The emotional attachment to cars (00:01:09) The emotional attachment people have to their cars and the importance of empathy in dealing with the loss of a favorite vehicle. The connection between memory and cars (00:02:04) How memory is connected to cars and how the brain creates memories through touch and experience. The parallel between the automotive and medical industries (00:07:20) The parallel between the automotive industry and the medical field in terms of diagnosis, repair, and the interaction between professionals and customers. The psychology of decision making (00:08:25) Explains the importance of presenting options to customers in a way that they can understand and make a decision. Using visuals to aid understanding (00:10:10) Discusses the use of photographs and videos to help customers understand technical explanations and repairs. The dilemma of repairing an old car (00:13:01) Explores the decision-making process when faced with costly repairs on an old car with corrosion issues. The decision-making process (00:16:36) The three decisions customers have to make regarding their car: what to do with the old car, how to get around without a car, and finding a reliable used car. The importance of trust in service industries (00:17:41) The value of trust in service industries, and how it extends beyond the core service to ancillary areas like advice on purchasing a new car. Creating a deeper connection with customers (00:20:02) The impact of sharing personal experiences with customers, creating a stronger bond and deeper connection with them. Finding a gem of a car (00:26:27) Dr. David describes the serendipitous discovery of a well-maintained 2011 Lexus with low mileage and impeccable condition. The training of service advisors (00:33:40) Discussion about the training provided to service advisors in the automotive industry, focusing on helping them deal with customer emotions and uncertainties. The psychology of the automotive service counter (00:33:40) Suggestion to have courses or workshops on the psychology of the automotive service counter, highlighting the need for understanding and empathizing with customers. Similar situations faced by customers (00:34:38) Acknowledgment of the many customers who come into shops with similar situations, emphasizing the importance of learning from Dr. Dave Weiman's story.
Thanks to our Partner, NAPA Auto Care
Learn more about NAPA Auto Care and the benefits of being part of the NAPA family by visiting https://www.napaonline.com/en/auto-care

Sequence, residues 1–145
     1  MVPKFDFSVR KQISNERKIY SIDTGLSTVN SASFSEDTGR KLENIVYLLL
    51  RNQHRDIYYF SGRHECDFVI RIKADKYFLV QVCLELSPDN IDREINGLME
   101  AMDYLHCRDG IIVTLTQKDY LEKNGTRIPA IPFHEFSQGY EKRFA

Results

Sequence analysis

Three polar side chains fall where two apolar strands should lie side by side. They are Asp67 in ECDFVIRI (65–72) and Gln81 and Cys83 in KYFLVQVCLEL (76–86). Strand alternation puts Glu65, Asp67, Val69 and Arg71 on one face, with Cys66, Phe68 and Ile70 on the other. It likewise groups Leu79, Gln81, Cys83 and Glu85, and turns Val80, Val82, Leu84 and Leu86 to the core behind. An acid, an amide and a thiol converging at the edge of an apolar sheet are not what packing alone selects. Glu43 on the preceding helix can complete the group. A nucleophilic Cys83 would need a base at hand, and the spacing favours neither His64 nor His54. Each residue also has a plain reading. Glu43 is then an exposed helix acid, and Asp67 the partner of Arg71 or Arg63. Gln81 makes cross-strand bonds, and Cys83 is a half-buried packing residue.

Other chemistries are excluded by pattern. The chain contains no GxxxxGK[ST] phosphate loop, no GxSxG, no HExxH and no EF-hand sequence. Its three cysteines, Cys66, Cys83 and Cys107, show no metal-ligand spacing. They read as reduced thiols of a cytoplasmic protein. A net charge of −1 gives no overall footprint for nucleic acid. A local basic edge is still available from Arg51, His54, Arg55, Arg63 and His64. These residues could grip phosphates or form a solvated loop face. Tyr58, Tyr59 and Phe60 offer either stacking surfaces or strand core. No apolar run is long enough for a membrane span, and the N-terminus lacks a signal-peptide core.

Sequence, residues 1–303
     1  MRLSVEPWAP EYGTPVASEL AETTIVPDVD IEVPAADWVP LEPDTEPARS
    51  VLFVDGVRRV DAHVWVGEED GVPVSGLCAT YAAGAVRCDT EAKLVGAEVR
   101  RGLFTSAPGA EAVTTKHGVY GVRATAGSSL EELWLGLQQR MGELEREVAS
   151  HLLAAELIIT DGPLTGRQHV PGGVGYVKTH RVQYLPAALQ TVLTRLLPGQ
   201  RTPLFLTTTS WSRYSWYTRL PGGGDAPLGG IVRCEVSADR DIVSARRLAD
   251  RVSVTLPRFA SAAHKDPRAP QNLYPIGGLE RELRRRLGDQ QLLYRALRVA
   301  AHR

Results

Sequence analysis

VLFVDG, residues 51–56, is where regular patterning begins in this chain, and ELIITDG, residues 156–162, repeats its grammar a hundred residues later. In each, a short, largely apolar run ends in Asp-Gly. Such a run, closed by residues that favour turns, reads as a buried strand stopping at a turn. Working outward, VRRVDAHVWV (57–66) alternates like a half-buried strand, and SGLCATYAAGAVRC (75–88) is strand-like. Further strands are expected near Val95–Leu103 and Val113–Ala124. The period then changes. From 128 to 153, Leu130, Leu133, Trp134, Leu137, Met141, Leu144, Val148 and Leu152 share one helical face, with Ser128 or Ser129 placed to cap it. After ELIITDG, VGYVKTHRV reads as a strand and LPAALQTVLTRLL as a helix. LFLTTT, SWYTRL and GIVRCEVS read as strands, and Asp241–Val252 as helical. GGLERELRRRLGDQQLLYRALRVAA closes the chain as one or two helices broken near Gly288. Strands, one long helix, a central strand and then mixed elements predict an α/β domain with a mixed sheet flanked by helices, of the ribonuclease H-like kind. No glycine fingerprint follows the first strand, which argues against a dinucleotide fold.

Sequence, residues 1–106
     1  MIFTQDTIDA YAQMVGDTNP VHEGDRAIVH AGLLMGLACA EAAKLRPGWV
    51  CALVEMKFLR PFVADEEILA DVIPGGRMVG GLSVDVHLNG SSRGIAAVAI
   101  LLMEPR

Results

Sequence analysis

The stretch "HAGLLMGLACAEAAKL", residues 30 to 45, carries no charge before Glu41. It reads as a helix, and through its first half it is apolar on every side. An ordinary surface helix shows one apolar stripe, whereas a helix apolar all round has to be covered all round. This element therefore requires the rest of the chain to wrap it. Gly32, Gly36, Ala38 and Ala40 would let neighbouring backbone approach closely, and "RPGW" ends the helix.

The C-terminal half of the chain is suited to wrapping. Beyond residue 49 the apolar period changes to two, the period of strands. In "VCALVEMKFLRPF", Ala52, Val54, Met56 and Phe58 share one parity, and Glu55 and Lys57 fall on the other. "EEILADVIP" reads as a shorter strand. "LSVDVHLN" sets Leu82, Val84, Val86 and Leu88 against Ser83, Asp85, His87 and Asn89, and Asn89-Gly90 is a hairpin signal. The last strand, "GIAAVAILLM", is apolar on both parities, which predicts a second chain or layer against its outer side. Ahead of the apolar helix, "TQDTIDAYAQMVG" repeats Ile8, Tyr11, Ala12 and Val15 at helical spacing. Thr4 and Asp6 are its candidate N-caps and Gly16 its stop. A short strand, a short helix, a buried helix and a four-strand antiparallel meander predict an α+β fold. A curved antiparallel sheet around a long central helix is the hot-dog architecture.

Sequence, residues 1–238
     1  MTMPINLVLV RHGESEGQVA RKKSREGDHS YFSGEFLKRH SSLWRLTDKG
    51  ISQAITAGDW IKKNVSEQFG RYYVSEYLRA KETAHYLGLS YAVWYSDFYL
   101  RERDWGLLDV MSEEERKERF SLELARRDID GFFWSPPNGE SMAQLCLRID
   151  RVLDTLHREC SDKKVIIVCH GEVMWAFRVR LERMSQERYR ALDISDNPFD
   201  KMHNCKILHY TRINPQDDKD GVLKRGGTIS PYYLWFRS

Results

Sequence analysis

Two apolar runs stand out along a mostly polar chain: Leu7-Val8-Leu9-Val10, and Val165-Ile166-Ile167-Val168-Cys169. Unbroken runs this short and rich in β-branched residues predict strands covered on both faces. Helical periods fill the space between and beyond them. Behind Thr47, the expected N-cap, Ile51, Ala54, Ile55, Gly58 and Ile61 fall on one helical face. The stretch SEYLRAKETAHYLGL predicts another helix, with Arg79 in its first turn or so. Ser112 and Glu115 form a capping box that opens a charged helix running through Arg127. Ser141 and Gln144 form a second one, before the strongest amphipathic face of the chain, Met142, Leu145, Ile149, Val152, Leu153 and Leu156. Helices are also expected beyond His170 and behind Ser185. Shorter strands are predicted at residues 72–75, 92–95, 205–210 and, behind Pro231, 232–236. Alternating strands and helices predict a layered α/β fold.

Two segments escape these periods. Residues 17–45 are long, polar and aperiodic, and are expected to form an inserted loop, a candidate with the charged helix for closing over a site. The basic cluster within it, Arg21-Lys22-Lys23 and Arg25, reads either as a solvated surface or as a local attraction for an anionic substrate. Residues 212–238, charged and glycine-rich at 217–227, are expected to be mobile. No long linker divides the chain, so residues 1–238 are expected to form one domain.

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By Joe Marconi
In 2023 content is still king, but it’s hard to create content that hasn’t already been done by someone else. This keeps a lot of people from creating content. But different people are attracted to different people, and they say the same things in different ways. Maybe you are the person who can get through to someone with your own way of saying something or doing show-and-tell. That’s what this episode of the ARM Podcast is all about. Making it your own!
Thank you to RepairPal for sponsoring The Auto Repair Marketing Podcast. Learn more about RepairPal at https://repairpal.com/shops
Show Notes with Timestamps
Content Creation and the Fear of Repetition (00:00:10) Brian discusses the common fear of creating content that has already been covered by someone else and emphasizes that in the age of the internet, it is unlikely to find a topic that hasn't been covered. The Success of Alex Hormozi's Book Launch (00:01:12) Brian mentions the successful book launch event of Alex Hormozi, where he had half a million people join the event on YouTube. The speaker highlights that the content discussed in the event has been previously covered by Russell Brunson. The Importance of Making Content Your Own (00:04:23) Brian encourages content creators to make the content their own by adding personal experiences, details, and stories. They emphasize the significance of geographic relevance in the world of auto repair and building trust with the audience.
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Lagniappe (Books, Links, Other Podcasts, etc)
Alex Hormozi’s Book Launch - https://www.youtube.com/live/k834E6OTGTM?si=Ma7i5V-CIS64gd92